The relationship between estrogen and bone, or more correctly the formation of bone, is complex. One of the main actions of estrogen is to prevent the resorption of bone tissue, which is when osteoclasts (a type of bone cell) break down bone tissue and release minerals such as calcium into the blood.
Menopause brings about a decline in the production of estrogen which can have a significant effect on long-term bone health. A study that followed the same group of women for three decades found that those who went through menopause before the age of 47 were almost twice as likely to develop osteoporosis as those who went through menopause at or after the age of 47. In addition, an earlier age of menopause also correlated with a greater risk for fracture and an overall increased death rate.
Maintaining a good body weight and dietary calcium levels, exercising, not smoking, limiting alcohol intake and careful sun exposure can all help reduce the risk of osteoporosis. Medications such as bisphosphonates and hormones can help maintain bone density. Talk to your doctor about ways to maintain your bone density if you have gone through early menopause.
Could Early Menopause Trigger Depression?
It can a huge shock for a woman to learn she is in early menopause and not uncommon for women to develop depression in the months or even years following the diagnosis. Women who have already suffered from depression, particularly depression associated with childbirth or menstruation, are at higher risk.
Some experts believe that the gradual decline of estrogen makes women going through menopause more prone to depression. The fact that depression and menopause have several symptoms in common including trouble sleeping, tiredness and a lack of energy, anxiety, irritability, and difficulty concentrating, means that depression may go undiagnosed and untreated in women who put these symptoms down to a natural part of aging.
But depression is highly treatable and women do not have to suffer needlessly. Treatment may include medications or talk therapy coupled with exercise and a healthy diet.
Aging Accelerates After Menopause
Mankind has long been searching for a cure for aging. Unfortunately, studies have shown menopause contributes significantly to the aging process in women, and in fact, accelerates it.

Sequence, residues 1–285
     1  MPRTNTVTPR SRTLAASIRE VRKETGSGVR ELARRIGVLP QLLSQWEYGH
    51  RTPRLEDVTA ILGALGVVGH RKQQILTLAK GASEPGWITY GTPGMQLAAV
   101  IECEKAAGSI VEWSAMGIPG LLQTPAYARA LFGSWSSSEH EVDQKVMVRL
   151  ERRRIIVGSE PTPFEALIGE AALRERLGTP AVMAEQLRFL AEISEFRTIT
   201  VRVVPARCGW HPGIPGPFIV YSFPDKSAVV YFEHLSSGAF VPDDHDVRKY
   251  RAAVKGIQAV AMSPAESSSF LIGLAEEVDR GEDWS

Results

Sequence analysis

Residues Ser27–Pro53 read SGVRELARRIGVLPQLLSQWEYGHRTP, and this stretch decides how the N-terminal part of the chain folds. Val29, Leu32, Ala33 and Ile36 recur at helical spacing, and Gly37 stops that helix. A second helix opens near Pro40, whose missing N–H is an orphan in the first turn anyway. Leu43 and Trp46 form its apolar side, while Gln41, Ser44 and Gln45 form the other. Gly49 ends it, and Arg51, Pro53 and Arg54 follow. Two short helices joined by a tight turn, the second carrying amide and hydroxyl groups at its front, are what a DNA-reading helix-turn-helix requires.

Research indicates menopause boosts cellular aging by an average of 6 percent, which starts to add up over a lifetime. Biologically, a woman who went through menopause at age 42 would be a full year older by age 50 than a woman who started menopause at age 50.
To add to this, the same research indicates that insomnia, which often accompanies menopause, also speeds up our biological clock. Women reporting restless sleep, repeated night-time awakenings and difficulty falling asleep tended to be older biologically than women of similar chronological age with no symptoms.
Good Support Goes A Long Way
As devastating as early menopause may be, you are not alone and good support can be vital to help you cope with the diagnosis.
Early Menopause.com has been helping women going through early menopause to connect with each other and share their experiences and strategies for symptom relief.
Finding a good doctor who relates to you and understands what you are going through is vital. Don't be afraid to swap your doctor for somebody who specializes in menopause rather than staying with a doctor who is not giving you the support you need.
Most of all, keep exercising, eat healthily, maintain a good body weight and take time for yourself.
Finished: Early Menopause: Impacting Not Just Fertility
- Early menopause (premature menopause). Updated Sep 22, 2010. Womenshealth.gov http://womenshealth.gov/menopause/early-premature-menopause/
- Premature Ovarian Failure. Mayo Clinic. http://www.mayoclinic.org/diseases-conditions/premature-ovarian-failure/basics/definition/con-20028351
- Premature Ovarian Failure: Premature Menopause. Updated Aug, 2015. American Pregnancy Association. http://americanpregnancy.org/womens-health/premature-ovarian-failure/
- HRT: Benefits and risks – what you should know. Women's Health Concern. https://www.womens-health-concern.org/help-and-advice/factsheets/hrt-know-benefits-risks/
- Hormone therapy: Is it right for you? Updated Apr 14, 2015. Mayo Clinic http://www.mayoclinic.org/diseases-conditions/menopause/in-depth/hormone-therapy/art-20046372
- Osteoporosis. Mayo Clinic http://www.mayoclinic.org/diseases-conditions/osteoporosis/diagnosis-treatment/treatment/txc-20207886
- Estrogen - mechanisms of action on bone. Washington Education https://courses.washington.edu/bonephys/esteffects.html
- Weight gain at the time of menopause. World Obesity.org http://www.worldobesity.org/news/wo-blog/july-2015/weight-gain-time-menopause/